The New York Post this week reports on a lawsuit filed in Massachusetts federal district court against Vistaprint.  The company's North American Business Headquarters are located in Boston.  Plaintiffs are a same-sex couple who were married in a ceremony in Pennsylvania last September. The couple had ordered 100 copies of a customized program for their wedding.  When they opened the package Vistaprint sent to them, they found that instead of the programs they had been sent 80 copies of an anti-gay pamphlet titled "‘Understanding Temptation: Fight the good fight of the faith." The pamphlets warn: "Satan entices your flesh with evil desires." Vistaprint, which says it would not discriminate on the basis of sexual orientation, indicated that it had just learned of the incident and have begun an internal investigation.

Wife's Religious Convictions Do Not Override Vermont Divorce Law

In Maghu v. Singh, (VT Sup. Ct., Jan. 12, 2018), the Vermont Supreme Court rejected a wife's attempt to obtain dismissal of a no-fault divorce petition filed by her husband.  The couple was married in India and, among other contentions, the wife argued that Vermont's courts should defer to Indian divorce law. In rejecting that contention, the court said in a footnote:
We reject wife’s argument that the court’s grant of a no-fault divorce contrary to India’s Hindu Marriage Act, and the religious requirements reflected therein, impinges on wife’s free exercise of religion in violation of Chapter I, Article 3 of the Vermont Constitution. Quite the opposite, it would be constitutionally problematic, to say the least, if we began to decline access to a divorce from an otherwise qualified domiciliary on the basis of the religious convictions of the other party.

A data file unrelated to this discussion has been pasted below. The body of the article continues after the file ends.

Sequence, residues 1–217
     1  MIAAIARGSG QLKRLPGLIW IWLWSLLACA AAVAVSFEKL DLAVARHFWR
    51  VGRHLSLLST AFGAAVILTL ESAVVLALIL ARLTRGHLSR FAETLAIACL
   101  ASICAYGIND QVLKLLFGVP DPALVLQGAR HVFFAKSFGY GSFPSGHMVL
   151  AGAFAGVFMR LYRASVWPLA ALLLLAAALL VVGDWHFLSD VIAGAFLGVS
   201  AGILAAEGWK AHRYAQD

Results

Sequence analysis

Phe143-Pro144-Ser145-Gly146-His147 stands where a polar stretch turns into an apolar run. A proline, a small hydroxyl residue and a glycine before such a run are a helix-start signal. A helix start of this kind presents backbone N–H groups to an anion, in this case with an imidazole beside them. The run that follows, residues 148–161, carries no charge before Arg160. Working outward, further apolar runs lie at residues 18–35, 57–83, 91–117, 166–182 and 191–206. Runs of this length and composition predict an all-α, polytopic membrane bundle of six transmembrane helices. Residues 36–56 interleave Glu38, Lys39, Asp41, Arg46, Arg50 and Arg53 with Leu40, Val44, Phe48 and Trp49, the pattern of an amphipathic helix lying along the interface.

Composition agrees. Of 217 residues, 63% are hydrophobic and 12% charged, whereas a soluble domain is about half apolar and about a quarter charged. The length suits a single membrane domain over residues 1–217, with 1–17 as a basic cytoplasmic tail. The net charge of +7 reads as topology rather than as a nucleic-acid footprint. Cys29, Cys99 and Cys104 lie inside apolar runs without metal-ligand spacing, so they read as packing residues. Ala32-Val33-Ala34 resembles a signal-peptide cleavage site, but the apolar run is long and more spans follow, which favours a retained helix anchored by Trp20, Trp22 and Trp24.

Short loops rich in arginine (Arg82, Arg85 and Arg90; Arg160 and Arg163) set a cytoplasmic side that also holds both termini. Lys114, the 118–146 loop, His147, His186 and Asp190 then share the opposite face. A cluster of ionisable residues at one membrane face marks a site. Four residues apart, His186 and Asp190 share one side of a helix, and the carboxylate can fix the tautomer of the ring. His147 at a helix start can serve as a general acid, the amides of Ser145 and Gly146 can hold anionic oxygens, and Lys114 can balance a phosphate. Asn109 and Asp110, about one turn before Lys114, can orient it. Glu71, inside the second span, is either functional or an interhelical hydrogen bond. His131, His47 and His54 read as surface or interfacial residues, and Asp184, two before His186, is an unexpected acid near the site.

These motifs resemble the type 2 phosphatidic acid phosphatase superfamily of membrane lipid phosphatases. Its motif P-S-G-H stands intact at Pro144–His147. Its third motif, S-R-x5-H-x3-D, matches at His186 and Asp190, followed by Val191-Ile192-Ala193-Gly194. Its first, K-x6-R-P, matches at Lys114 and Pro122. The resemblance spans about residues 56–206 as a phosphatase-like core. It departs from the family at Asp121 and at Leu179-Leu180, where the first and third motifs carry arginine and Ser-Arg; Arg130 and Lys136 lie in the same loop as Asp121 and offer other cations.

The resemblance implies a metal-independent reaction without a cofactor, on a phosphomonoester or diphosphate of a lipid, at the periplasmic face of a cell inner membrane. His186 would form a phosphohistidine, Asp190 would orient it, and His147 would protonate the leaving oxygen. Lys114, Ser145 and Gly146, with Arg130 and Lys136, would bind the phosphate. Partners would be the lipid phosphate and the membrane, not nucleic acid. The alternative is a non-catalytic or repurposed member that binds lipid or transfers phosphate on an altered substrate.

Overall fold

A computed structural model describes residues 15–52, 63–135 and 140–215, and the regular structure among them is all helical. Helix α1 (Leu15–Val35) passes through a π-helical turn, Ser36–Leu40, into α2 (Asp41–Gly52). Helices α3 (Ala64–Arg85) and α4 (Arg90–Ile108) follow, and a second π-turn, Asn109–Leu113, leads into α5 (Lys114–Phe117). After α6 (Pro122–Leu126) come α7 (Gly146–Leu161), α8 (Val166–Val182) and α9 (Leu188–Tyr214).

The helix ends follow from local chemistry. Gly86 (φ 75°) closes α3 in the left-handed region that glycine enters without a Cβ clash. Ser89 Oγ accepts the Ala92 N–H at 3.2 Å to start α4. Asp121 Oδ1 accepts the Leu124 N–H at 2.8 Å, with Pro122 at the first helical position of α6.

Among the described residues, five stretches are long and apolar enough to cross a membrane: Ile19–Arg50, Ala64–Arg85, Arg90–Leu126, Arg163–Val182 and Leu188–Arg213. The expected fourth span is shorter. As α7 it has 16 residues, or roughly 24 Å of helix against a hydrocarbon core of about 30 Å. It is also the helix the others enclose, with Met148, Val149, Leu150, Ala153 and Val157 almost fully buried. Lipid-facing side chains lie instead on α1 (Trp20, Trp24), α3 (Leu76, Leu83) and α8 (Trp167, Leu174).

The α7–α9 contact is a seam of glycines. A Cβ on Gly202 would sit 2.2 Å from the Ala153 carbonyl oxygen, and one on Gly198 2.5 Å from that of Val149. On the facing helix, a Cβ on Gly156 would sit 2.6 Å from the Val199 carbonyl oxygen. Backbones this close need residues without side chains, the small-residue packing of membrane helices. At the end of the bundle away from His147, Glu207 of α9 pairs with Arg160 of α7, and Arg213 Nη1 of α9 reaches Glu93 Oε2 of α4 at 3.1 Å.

Wednesday, January 17, 2018

Inter-American Human Rights Court Recognizes Same-Sex Marriage and Transgender Rights

In an Advisory Opinion (full text in Spanish) dated Nov. 24, 2017, but apparently first published on Jan. 9, 2018, the Inter-American Court of Human Rights ruled that the American Convention on Human Rights requires governments to recognize family rights of same-sex couples and transgender rights. As reported by the Washington Blade:
The Inter-American Court of Human Rights on Tuesday issued a landmark ruling that recognizes same-sex marriage and transgender rights in the Western Hemisphere. 
The seven judges who issued the ruling stated governments “must recognize and guarantee all the rights that are derived from a family bond between people of the same sex.” Six of the seven judges also agreed that it is necessary for governments “to guarantee access to all existing forms of domestic legal systems, including the right to marriage, in order to ensure the protection of all the rights of families formed by same-sex couples without discrimination.”